Most would agree with Henry Wadsworth Longfellow:
“Music is the universal language of mankind.”
Without giving it a moment of thought, music permeates your day.
It’s cuing the segments in your morning shows, booming from the ceiling in the convenience store, beating behind the cash register of the cafe that brews your morning coffee.
It’s broadcasting everywhere: in the car on your way to work, in the earbuds of the joggers in the park, through the sophisticated headphones teens wear on their walk to school.
The problem with this universal presence is that it stays in the background, providing little more than ambient noise. Without giving it our full attention, we miss the deeper opportunities available to us.
As a writer, you’ve likely experimented with music as a mood setter, as a productivity tool. Even scientists agree: listening to classical music benefits learning, memory, and creativity.
Writers of all genres acknowledged the creative and transformational powers of music:
Tolstoy said, “Music is the shorthand of emotion.”
Maya Angelou shared, “Music was my refuge. I could crawl into the space between the notes and curl my back to loneliness.”
According to Douglas Adams, “Beethoven tells you what it’s like to be Beethoven, and Mozart tells you what it’s like to be human. Bach tells you what it’s like to be the universe.”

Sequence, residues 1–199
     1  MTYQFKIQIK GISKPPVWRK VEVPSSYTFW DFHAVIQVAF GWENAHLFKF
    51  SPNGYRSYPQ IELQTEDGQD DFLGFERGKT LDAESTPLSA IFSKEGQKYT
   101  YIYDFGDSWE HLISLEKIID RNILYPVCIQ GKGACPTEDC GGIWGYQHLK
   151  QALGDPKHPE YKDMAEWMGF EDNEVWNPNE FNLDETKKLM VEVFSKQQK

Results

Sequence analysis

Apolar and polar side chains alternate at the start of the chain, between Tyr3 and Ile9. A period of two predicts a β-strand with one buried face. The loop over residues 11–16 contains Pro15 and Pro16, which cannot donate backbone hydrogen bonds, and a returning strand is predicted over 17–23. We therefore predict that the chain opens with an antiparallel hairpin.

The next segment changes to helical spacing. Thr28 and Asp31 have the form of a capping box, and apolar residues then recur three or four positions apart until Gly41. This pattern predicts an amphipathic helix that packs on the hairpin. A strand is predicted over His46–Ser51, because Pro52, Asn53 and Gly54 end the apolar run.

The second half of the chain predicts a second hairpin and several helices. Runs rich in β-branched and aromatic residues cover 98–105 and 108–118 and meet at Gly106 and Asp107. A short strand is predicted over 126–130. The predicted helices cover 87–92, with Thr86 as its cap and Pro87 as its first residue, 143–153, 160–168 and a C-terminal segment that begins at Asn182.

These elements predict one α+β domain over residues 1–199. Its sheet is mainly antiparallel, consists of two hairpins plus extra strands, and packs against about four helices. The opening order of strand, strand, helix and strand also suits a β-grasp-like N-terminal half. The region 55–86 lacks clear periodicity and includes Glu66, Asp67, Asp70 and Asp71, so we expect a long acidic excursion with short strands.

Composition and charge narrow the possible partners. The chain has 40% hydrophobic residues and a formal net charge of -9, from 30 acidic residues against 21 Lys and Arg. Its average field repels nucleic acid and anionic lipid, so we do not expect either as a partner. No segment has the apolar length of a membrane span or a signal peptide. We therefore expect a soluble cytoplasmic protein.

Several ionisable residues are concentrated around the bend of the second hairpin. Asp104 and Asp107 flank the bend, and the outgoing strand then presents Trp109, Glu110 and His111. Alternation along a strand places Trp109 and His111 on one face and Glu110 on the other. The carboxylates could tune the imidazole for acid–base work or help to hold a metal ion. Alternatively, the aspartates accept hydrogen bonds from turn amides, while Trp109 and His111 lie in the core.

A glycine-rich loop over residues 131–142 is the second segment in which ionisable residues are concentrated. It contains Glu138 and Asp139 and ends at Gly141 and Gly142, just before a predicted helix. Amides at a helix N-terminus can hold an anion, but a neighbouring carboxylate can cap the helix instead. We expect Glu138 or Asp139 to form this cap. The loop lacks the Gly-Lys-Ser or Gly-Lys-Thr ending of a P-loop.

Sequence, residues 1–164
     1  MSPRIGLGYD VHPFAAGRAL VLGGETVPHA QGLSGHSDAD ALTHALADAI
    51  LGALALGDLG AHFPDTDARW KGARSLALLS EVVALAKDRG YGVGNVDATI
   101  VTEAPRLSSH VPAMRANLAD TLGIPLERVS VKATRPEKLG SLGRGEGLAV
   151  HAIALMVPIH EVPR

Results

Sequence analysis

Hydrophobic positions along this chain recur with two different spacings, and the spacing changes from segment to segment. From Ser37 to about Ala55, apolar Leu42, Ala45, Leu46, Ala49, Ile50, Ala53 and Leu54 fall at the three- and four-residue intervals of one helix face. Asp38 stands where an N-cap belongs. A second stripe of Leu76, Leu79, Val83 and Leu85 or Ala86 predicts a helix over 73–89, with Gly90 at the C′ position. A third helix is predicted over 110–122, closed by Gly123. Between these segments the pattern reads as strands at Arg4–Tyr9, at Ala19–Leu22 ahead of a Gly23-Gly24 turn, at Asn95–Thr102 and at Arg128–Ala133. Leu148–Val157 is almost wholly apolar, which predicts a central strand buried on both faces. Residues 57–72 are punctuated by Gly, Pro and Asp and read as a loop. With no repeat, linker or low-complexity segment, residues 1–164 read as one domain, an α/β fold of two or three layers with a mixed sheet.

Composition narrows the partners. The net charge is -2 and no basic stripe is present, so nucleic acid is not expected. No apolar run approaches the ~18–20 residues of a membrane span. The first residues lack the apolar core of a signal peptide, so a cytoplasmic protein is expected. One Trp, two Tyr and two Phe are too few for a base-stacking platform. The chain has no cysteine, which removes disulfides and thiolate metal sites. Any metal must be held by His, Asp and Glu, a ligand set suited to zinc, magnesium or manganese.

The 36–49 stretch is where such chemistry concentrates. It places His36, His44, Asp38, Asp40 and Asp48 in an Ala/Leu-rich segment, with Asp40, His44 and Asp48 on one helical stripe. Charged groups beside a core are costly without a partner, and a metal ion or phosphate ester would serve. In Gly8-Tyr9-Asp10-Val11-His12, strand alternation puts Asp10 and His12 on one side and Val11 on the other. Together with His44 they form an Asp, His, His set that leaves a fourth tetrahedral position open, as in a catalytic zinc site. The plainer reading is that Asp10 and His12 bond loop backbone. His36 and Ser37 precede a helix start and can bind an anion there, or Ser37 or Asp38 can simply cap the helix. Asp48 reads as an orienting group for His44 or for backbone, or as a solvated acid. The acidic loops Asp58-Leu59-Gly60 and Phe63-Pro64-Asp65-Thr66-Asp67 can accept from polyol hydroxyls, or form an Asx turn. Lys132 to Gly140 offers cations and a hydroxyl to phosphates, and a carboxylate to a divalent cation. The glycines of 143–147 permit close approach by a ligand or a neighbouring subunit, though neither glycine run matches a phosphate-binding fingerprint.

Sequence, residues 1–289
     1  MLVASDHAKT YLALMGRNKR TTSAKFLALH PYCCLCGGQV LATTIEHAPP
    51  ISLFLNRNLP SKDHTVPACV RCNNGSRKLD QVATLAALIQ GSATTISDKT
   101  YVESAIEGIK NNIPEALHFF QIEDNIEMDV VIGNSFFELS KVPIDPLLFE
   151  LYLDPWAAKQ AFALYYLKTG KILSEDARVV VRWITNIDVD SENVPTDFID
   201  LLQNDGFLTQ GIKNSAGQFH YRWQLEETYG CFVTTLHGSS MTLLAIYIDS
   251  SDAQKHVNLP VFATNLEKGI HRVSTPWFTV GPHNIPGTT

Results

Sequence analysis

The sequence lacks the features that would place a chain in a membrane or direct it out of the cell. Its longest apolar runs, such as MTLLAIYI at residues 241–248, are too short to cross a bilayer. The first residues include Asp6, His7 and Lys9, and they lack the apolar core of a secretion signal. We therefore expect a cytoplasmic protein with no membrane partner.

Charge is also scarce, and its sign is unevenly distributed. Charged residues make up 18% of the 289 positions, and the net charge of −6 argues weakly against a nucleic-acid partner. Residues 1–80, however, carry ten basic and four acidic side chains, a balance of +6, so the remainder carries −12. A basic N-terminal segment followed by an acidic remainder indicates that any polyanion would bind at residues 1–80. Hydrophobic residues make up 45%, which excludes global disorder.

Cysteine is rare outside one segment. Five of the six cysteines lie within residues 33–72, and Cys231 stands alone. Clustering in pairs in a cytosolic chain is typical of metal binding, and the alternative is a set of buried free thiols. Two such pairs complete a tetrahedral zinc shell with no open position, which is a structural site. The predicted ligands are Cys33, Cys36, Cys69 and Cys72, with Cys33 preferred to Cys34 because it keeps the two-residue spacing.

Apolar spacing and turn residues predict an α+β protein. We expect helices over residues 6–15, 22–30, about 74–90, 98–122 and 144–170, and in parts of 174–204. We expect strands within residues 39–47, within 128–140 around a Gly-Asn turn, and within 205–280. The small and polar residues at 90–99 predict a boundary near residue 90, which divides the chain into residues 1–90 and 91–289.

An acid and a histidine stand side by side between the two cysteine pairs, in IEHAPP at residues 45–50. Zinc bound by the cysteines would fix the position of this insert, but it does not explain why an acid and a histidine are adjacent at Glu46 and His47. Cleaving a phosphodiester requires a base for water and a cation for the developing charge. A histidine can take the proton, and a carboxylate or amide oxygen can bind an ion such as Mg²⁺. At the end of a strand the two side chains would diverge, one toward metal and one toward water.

Poet Edna Vincent Millay said it best:
“Without music I should wish to die.”
This list of songs, chosen from a small pool of singer songwriters from the last sixty years, covers a wide range of themes, often presented in binary opposition: hope and despair, freedom and responsibility, innocence and experience, self-determination and victimhood, death and rebirth.
These songs celebrate the mundane, difficult realities of life, exposing the numerous falsehoods lurking behind the promise of the American Dream, behind the “work hard and prosper” mantras of previous generations.
The common denominator is compromise.
All of these characters, human and non-human, must bend, adapt, and endure hardship to survive. And while there’s much to explore on a literal level, the larger truths lie just below the surface.
Let’s take a look at nine classic songs, representing some of the best work of their genres.
Spend some quality time with the lyrics and arrangements. Allow the words, characters, scenes, and situations inspire your next big story or blog post.
“Let Him Fly” by Patty Griffin
Patty Griffin’s 1996 song “Let Him Fly” describes an epiphany, the precise moment one realizes a relationship has run its course, that it’s time to separate and move on.
Things can move at such a pace
The second hand just waved goodbye
You know the light has left his face